What resources are out there for baby led weaning? 

Personally, I am a big fan of the Baby Led Weaning book. We actually own the cookbook version, which I love, because it has all the need to know information in the front plus recipes. Some of the recipes are pretty basic, but at the time I first got it, I was still teaching myself to cook and having those ideas and recipes laid out for me was helpful. But specific baby led weaning recipes are not a necessity. I also like this baby led weaning handout from Gil Rapley’s website. My favorite Facebook groups for questions and ideas are Feeding the Littles and Healthy-Minded Baby-Led Weaning.

Allen eating kiwi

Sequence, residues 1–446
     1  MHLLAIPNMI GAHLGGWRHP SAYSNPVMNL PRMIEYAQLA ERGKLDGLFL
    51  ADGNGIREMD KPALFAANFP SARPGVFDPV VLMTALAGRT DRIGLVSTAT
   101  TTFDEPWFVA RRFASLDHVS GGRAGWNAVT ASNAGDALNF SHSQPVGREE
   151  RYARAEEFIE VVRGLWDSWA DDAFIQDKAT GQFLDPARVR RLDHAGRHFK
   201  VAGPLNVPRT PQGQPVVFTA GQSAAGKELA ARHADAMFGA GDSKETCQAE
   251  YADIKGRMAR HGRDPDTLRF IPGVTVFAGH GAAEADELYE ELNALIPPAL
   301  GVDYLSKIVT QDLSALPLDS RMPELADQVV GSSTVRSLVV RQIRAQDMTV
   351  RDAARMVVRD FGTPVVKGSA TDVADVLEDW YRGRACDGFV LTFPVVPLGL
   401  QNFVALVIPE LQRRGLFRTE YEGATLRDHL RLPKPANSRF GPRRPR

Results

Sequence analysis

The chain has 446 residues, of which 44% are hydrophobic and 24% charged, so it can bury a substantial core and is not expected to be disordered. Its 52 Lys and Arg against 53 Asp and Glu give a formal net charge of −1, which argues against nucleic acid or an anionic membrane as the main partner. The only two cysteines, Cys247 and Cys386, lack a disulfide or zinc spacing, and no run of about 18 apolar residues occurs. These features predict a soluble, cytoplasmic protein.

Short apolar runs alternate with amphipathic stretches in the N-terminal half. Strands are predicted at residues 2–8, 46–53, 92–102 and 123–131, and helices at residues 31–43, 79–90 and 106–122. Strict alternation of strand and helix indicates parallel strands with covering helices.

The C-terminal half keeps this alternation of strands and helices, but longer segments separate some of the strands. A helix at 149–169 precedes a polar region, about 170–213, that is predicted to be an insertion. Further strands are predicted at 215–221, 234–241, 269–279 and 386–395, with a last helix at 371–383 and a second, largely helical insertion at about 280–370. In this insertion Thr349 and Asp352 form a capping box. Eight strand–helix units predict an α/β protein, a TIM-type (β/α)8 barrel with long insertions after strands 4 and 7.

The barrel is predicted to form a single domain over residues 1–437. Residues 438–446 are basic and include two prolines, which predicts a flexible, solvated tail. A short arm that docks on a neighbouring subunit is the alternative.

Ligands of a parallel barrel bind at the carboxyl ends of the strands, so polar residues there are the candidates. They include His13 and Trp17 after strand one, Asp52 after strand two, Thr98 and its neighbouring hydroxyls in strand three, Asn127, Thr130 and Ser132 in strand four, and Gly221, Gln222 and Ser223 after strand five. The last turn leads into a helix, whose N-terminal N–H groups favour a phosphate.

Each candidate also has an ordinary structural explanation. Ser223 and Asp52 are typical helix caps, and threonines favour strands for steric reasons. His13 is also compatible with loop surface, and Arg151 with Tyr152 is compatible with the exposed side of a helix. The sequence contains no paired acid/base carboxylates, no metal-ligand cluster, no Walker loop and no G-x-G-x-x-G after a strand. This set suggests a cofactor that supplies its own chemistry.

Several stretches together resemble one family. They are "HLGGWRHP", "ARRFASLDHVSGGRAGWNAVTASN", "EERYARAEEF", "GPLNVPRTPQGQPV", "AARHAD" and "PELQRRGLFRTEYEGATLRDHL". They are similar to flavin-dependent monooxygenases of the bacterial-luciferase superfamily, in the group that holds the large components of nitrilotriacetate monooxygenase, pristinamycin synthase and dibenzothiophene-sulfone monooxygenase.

What about choking?

Well, first of all, I just wanted to start by saying that no matter how you feed your child, I think a class in infant CPR and the infant Heimlich is valuable for all parents. I actually consider basic first aid a critical life skill and something that everyone should know.

That being said, in babies, the gag reflex is much farther forward than in adults. This helps protect them from choking. Additionally, you should not feed them any obvious choking hazards like whole nuts.

Allen enjoying scrambled eggs

What can my baby eat? 

I’ve put together a great flowchart to show you. Basically, no honey, and watch the salt, and no choking hazards, but other than that, the world’s your oyster!

Can my child eat this if we are doing baby led weaning?What about the three-day rule?